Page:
In the grizzly-hunting debate, the B.C. legislature appears to be the last stronghold protecting the trophy-hunting industry in our province.
Economic, scientific and social justifications for the practice don’t add up. Ecotourism and bear-viewing companies generate more revenue than their trigger-happy counterparts, and they are far more sustainable over the long term.
There is considerable uncertainty in the scientific community about grizzly-bear population numbers and notable concerns about how they will adapt to the challenges climate change will bring. Polls repeatedly put public opposition for trophy hunting in B.C. in the 90 per cent range, for both urban and rural populations and resident hunters who overwhelmingly oppose the practice.
This is where we must draw an important difference between trophy hunting, and hunting.
Trophy hunting is the killing of an animal for the sake of the kill, the sake of collecting a trophy — often a severed head. It is a cruel, selfish and barbaric practice that is packaged and sold as a sport. Trophy killing has little to do with the thousands of British Columbians who hunt because they enjoy spending time outdoors, respect the animals they harvest and take great pride in sharing the meat they harvest with their loved ones.
If we are going to end trophy hunting in B.C., we must first understand that it has nothing to do with hunting. As the legislation currently stands, it is illegal to waste meat when hunting in B.C., unless the animal you have killed is a cougar, wolf, lynx, bobcat, wolverine or grizzly bear. The edible parts of big game must be removed from the animal and packed out to one’s home, or importantly for non-resident hunters, to a meat-cutter or a cold-storage plant.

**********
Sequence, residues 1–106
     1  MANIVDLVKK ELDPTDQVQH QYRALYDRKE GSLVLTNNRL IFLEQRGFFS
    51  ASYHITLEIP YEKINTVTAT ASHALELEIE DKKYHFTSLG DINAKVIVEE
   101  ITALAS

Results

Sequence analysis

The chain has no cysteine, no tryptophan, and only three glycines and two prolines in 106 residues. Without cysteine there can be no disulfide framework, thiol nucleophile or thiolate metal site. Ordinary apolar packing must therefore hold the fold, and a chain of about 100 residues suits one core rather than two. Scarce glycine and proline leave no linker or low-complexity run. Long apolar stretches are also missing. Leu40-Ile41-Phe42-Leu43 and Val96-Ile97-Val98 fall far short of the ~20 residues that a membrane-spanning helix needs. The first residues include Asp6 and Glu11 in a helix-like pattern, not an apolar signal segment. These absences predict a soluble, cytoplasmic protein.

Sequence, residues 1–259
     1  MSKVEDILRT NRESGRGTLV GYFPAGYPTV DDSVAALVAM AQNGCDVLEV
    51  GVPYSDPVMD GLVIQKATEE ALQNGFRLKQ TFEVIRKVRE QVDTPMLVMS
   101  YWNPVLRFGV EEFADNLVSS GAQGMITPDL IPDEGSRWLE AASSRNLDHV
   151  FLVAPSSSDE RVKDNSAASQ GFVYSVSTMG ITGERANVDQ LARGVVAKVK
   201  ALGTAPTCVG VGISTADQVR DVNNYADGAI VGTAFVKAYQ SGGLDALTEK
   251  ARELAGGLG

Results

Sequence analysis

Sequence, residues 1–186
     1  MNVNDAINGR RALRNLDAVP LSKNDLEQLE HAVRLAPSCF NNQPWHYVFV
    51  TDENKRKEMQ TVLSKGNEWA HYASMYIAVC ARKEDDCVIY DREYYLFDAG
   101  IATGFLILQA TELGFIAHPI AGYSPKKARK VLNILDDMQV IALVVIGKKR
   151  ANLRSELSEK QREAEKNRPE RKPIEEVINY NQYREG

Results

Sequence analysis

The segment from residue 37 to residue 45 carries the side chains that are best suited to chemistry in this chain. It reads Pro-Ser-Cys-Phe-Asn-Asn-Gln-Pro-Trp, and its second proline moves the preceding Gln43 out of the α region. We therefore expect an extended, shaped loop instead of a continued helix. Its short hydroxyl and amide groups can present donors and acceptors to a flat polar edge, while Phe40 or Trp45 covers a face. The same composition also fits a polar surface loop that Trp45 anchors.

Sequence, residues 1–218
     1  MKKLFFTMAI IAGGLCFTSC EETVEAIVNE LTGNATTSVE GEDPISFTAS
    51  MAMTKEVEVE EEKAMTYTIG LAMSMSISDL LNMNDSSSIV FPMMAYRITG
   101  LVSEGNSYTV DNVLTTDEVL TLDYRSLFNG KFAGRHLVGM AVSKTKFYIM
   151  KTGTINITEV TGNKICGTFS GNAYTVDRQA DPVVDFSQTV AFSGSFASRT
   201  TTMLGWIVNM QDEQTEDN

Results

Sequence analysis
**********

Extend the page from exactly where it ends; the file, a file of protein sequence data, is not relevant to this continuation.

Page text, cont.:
These last two options provide trophy hunters with legal meat-laundering opportunities, meaning that they could still hunt for the trophy, but give away the meat.
In March, I brought forward a bill, supported by the First Nations Summit, that would close this loophole, forcing the packing out of all meat from all animals (not just grizzly bears) hunted in B.C. to a person’s home, whether that be in B.C., Texas, Australia or Germany. This was carefully written to protect the rights of First Nations and resident hunters, while going after the practice of trophy killing.
As you might imagine, the guide-outfitting industry did not support this legislation. I suspect many a trophy hunter would find it difficult, if not impossible, to pack out several hundred kilograms of trichinosis-laden grizzly-bear meat across international borders. As with all legislation, its success or failure relies on proper implementation and a commitment to enforcing it.
When legislating the practices of non-resident hunters, B.C. rights and interests should still be first and foremost. We need legislation that says in this province, we hunt for food, not for the sake of killing — it is not OK to come here to kill our animals for a prize. Hunting should not be a corporate endeavour.
Furthermore, our government needs to acknowledge and act upon calls from First Nations who have enacted bans on trophy hunting in their traditional territories.
What has surprised me about this debate is how little our elected officials have had to say about it, given the almost unanimous opposition to the practice among British Columbians.
Both the B.C. Liberals and the B.C. NDP have refused to have an honest discussion about this issue in the legislature. The Liberals point to the studies that justify their inaction, all the while ignoring the growing body of academic literature that suggests action is needed.
The NDP, on the other hand, has yet to state any firm position on the issue. One hopes that this isn’t simply avoiding taking a position on an important issue for fear that it will hurt their electoral prospects.
While this is certainly an emotional issue, it’s one most British Columbians agree on. Trophy killing debases the very legitimate reasons that many British Columbians choose to hunt. It’s time we enact policy that understands the difference between the two, and finally puts an end to trophy hunting in B.C.
By Andrew Weaver
Article reproduced with the kind permission of Andrew Weaver, the BC Green Party Member of the Legislative Assembly for Oak Bay-Gordon Head in Victoria, BC.
Source Article: Times Colonist, 5 November, 2015